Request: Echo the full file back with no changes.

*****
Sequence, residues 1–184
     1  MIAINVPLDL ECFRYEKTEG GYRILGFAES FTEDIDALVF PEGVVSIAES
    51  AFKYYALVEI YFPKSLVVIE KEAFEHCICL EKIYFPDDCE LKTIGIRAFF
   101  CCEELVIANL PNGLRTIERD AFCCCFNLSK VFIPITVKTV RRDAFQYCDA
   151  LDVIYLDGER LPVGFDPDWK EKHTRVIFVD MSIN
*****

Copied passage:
Sequence, residues 1–184
     1  MIAINVPLDL ECFRYEKTEG GYRILGFAES FTEDIDALVF PEGVVSIAES
    51  AFKYYALVEI YFPKSLVVIE KEAFEHCICL EKIYFPDDCE LKTIGIRAFF
   101  CCEELVIANL PNGLRTIERD AFCCCFNLSK VFIPITVKTV RRDAFQYCDA
   151  LDVIYLDGER LPVGFDPDWK EKHTRVIFVD MSIN